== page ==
New Zealand scientists have helped show that some crows are as clever as five-to-seven-year-old children in some experiments.
Scientists from Auckland University and Britain's Cambridge University assessed the brainpower of wild New Caledonian crows in six experiments.
Through training, the birds learnt to figure out the best stones to drop into water-filled tubes in order to raise a floating piece of meat high enough to grab. They rejected sand-filled tubes and lower water levels.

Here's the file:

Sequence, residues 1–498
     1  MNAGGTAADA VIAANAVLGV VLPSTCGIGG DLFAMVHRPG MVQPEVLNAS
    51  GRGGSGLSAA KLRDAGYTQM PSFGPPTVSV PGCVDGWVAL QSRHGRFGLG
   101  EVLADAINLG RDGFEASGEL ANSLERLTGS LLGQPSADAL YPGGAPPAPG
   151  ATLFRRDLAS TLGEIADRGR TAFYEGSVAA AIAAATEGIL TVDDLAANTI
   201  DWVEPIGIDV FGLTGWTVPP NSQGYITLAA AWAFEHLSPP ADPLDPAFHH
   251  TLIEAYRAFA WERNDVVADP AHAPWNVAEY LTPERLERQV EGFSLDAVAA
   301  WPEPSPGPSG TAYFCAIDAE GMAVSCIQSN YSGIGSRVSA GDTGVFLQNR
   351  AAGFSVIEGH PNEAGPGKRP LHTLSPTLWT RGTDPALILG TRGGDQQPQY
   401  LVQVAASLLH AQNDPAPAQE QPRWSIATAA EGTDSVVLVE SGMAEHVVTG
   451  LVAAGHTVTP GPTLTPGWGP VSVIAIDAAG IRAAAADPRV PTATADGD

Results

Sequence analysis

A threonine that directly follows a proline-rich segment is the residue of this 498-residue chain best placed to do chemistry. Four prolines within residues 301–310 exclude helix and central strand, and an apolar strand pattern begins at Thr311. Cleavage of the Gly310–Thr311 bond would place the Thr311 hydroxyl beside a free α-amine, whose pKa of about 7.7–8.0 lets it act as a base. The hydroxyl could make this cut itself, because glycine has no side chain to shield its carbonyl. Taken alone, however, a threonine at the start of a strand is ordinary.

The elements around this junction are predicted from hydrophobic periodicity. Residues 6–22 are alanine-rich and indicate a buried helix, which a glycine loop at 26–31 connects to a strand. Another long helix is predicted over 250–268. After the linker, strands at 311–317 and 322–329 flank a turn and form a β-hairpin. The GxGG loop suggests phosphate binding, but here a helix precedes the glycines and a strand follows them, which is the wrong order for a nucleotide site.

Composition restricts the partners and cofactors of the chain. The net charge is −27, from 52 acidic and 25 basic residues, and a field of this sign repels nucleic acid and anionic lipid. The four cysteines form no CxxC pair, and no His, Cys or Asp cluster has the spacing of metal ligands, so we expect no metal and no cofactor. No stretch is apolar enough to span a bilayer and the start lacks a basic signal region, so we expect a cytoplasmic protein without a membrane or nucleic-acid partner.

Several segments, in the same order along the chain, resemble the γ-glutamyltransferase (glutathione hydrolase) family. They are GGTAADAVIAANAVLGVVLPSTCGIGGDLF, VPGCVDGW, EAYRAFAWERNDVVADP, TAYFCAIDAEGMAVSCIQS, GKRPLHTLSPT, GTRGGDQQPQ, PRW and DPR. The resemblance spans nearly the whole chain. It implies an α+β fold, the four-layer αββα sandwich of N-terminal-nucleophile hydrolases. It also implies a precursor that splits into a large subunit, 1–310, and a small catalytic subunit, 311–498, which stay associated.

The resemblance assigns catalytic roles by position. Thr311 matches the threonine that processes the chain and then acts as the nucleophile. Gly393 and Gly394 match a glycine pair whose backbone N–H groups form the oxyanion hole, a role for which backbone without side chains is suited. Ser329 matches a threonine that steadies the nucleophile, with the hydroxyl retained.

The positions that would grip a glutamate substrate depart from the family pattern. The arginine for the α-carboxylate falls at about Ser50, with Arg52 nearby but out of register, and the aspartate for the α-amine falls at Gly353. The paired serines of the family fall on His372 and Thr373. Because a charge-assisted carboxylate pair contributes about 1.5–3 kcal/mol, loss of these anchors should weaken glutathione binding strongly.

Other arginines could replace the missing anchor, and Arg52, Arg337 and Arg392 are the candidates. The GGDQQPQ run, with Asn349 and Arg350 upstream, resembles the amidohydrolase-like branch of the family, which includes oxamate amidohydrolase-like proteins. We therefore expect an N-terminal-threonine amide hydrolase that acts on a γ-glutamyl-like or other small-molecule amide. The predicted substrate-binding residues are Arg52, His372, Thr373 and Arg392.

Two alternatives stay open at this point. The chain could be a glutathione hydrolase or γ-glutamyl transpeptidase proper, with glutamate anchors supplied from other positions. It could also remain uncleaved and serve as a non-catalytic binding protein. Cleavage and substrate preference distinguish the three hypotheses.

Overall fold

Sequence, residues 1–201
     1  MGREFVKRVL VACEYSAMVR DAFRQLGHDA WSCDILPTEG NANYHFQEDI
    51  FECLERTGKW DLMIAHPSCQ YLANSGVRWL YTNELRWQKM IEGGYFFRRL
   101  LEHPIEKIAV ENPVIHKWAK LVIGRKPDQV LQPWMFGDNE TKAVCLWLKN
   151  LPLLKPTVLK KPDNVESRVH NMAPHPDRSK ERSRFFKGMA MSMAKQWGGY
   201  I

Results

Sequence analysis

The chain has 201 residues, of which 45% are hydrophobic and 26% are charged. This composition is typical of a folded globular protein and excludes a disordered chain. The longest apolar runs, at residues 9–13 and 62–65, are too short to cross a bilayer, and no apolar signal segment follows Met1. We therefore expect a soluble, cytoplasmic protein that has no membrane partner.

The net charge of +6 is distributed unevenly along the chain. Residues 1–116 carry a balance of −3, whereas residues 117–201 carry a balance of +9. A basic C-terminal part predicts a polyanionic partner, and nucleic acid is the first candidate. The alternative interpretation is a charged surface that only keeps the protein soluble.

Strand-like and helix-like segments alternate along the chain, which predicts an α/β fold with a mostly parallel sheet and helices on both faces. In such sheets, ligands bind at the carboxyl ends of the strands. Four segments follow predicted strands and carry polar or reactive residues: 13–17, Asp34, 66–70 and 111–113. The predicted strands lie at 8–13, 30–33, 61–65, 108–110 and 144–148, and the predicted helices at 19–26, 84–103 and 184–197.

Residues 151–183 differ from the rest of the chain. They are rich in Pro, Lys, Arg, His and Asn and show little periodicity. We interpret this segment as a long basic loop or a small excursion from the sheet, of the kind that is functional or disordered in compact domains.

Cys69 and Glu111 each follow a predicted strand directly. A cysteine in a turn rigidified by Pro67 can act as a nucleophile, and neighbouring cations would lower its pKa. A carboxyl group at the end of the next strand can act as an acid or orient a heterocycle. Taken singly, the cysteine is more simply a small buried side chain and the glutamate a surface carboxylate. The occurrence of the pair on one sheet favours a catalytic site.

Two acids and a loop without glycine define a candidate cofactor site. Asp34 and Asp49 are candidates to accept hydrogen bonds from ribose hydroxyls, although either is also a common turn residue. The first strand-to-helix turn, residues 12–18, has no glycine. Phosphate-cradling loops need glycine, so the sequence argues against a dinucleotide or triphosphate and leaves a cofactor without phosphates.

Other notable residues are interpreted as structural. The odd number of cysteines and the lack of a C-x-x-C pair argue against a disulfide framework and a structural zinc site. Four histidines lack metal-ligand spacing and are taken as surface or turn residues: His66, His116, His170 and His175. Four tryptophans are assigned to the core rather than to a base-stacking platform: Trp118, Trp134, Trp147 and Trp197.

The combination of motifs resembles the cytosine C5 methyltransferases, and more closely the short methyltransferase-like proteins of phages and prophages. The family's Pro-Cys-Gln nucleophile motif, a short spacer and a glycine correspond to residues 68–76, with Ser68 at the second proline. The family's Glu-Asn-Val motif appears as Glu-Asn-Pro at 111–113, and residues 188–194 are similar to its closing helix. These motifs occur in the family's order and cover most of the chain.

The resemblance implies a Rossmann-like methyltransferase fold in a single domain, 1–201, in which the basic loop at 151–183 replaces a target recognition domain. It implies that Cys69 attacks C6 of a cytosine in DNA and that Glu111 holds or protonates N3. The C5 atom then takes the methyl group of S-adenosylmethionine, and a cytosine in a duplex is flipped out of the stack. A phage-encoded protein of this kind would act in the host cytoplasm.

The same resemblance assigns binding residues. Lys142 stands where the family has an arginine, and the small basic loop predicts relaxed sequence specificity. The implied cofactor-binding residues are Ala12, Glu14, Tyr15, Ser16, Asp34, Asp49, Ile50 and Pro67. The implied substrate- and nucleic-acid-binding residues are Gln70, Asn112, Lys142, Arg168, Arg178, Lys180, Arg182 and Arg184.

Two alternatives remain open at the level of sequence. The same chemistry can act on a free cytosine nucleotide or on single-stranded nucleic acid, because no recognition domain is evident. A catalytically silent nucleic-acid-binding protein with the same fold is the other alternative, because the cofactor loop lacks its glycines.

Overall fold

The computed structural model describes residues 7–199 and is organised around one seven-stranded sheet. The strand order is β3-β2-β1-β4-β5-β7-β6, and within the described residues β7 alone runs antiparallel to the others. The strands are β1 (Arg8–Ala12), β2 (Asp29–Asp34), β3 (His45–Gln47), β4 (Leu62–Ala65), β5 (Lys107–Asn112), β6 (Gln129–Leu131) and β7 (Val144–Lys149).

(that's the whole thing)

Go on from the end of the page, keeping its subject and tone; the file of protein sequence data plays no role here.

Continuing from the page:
Crows commonly use twigs as tools but are not known to drop stones into containers or water in the wild.
The results have been published in an American Public Library of Science journal.